consent was limited, only allowing the officers to "look in" (gaze into) the bag, but not permitting them to search through objects found within the backpack.
A. Voluntariness of Consent
In order to determine whether a consent to search is voluntary, the Court must assess the "totality of all the surrounding circumstances." Schneckloth v. Bustamonte, 412 U.S. 218, 226, 36 L. Ed. 2d 854, 93 S. Ct. 2041 (1973). Marquez claims that he was "coerced by intimidation." When asked at the hearing why he felt intimidated, Marquez testified only that he feared the prospect of going to jail for drug possession, and that he understood that the officers were "cops" who possessed guns. Tr. 163. Marquez also stated that he believed the officers would search his bag whether he consented or not. Tr. 161.
On the other hand, Marquez did not describe any particular action taken by either officer which intimidated him. The officers approached Marquez in mid-morning on an open train platform among passengers who were boarding the same train Marquez intended to board. Tr. 24-26. The officers had no physical contact with Marquez and never displayed their weapons. Tr. 123, 166. There is no testimony that either officer raised his voice or threatened Marquez verbally or physically. Finally, Marquez' knowledge that he was speaking to police officers does not, in itself, vitiate his consent. Cf. United States v. Mire, 51 F.3d 349, 352-53 (2d Cir. 1995) ("mere presence" of officers in a police office did not establish coercive detention, where officers neither prevented defendant from leaving nor displayed weapons).
The evidence in the record compels a finding that Marquez' consent was not coerced but rather was voluntarily given. The Second Circuit has upheld the voluntariness of searches in circumstances that might raise a legitimate question of coercion. See, e.g., United States v. Garcia, 56 F.3d 418, 423 (2d Cir. 1995) (consent to search found despite formal arrest and presence of officers threatening to obtain search warrant if consent withheld); United States v. Ceballos, 812 F.2d 42, 51 (2d Cir. 1987) (consent to search voluntary when defendant was removed from workplace in handcuffs, interrogated at Secret Service field office and warned of disruption that would result from court-ordered search). Unlike these cases, where consents were upheld, there are no circumstances in this case even hinting at coercion. Accordingly, I find that Marquez consented to the search of his bag.
B. Scope of Consent
Marquez argues that his consent did not permit the officers to search the backpack and its contents. It is now well settled that the scope of consent is that of "'objective' reasonableness," namely what the "typical reasonable person [would] have understood by the exchange between the officer and the suspect." Florida v. Jimeno, 500 U.S. 248, 251, 114 L. Ed. 2d 297, 111 S. Ct. 1801 (1991). Defendant's argument is semantic, creative, and, I suspect, based on hindsight. Defendant now argues that the officers asked if they could "look in" his bag. In agreeing that they could, he did not mean that they could search his bag, but only that they could "gaze into" his bag. Under the circumstances, it was objectively reasonable for the officers to conclude that they were given permission to search the bag, including its contents.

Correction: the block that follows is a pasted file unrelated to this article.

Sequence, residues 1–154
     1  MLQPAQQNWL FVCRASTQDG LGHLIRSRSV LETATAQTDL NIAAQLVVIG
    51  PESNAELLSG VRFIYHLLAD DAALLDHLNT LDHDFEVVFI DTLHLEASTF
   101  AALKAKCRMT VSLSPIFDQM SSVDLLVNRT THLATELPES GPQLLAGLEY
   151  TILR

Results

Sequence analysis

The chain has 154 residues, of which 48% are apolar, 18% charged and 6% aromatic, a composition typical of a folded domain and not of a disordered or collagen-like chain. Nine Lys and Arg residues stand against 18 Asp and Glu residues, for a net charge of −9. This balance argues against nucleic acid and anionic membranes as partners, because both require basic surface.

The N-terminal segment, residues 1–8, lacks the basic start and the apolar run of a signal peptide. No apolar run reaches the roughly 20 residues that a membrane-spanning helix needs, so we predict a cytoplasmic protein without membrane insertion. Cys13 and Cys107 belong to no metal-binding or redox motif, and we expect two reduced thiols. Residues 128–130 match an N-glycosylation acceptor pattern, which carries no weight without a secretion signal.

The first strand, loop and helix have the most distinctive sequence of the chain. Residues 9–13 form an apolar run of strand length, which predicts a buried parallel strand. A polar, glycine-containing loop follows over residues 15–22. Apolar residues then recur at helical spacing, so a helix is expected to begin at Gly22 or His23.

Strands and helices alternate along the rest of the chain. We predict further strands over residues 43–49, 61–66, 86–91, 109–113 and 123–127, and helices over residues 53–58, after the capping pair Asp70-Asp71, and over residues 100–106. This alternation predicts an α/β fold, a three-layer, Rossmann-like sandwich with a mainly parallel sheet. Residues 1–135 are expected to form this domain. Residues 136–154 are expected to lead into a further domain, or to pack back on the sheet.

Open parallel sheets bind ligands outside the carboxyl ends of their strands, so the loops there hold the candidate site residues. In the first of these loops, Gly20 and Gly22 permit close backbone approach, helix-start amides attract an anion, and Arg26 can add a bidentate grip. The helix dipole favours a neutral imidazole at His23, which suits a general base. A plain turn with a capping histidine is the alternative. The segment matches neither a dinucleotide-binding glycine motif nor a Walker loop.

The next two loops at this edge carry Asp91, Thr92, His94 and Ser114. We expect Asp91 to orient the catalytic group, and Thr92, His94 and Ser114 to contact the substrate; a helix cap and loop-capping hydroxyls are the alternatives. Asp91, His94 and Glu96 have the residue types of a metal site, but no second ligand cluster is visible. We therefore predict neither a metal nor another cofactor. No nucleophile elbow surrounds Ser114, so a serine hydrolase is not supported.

Determining objective reasonableness is a question of law. But the determination is based on the facts. Here, there is no real dispute concerning the facts. The officers testified that they told the defendant they were looking for narcotics. Tr. 27, 121. Defendant did not dispute this testimony. Defendant and the government agree that the officers asked to "look in" the bag as opposed to "look through" the bag or "search" the bag. Tr. 17, 121, 160. Finally, there is no evidence that the defendant ever asked the officers to stop "searching" his bag once they had begun to do so.
Defendant believes that the choice of words is critical. He argues that Amtrak has developed a nationwide script urging its officers to use the phrase "look in" rather than "search" because these words will mislead the suspect into believing that the officers will not, in fact, search the bag. I cannot agree. Despite the dictionary definitions quoted by defendant in his post-hearing memorandum, I believe that it is objectively reasonable for an officer to conclude that permission to "look in" something is the same as permission to "search." Several courts have so held. See, e.g., United States v. Rich, 992 F.2d 502, 506 (5th Cir.), cert. denied, 510 U.S. 933, 126 L. Ed. 2d 312, 114 S. Ct. 348 (1993) ("Several other circuits [in addition to this one] have held that a request to 'look in' or 'look through' a vehicle is the equivalent of a request to 'search the vehicle.'"); United States v. Harris, 928 F.2d 1113, 1117 (11th Cir. 1991) (upholding search of luggage found in trunk after permission was given to 'look in' vehicle).
This precise issue was addressed by the Fifth Circuit in Rich. While this Court is not bound by the decision of a different circuit, this case provides persuasive reasoning, which I hereby adopt.
We decline the defendant's invitation to establish a list of specific terms from which an officer must select the most appropriate for each individual situation and/or defendant. To so hamper law enforcement officials in their everyday duties would be an unjustifiable extension of the Fourth Amendment's requirement that searches be 'reasonable.'. . . We take this opportunity to establish a similar rule for our circuit: it is not necessary for an officer specifically to use the term 'search' when he requests consent from an individual to search a vehicle. We hold that any words, when viewed in context, that objectively communicate to a reasonable individual that the officer is requesting permission to examine the vehicle and its contents constitute a valid search request for Fourth Amendment purposes.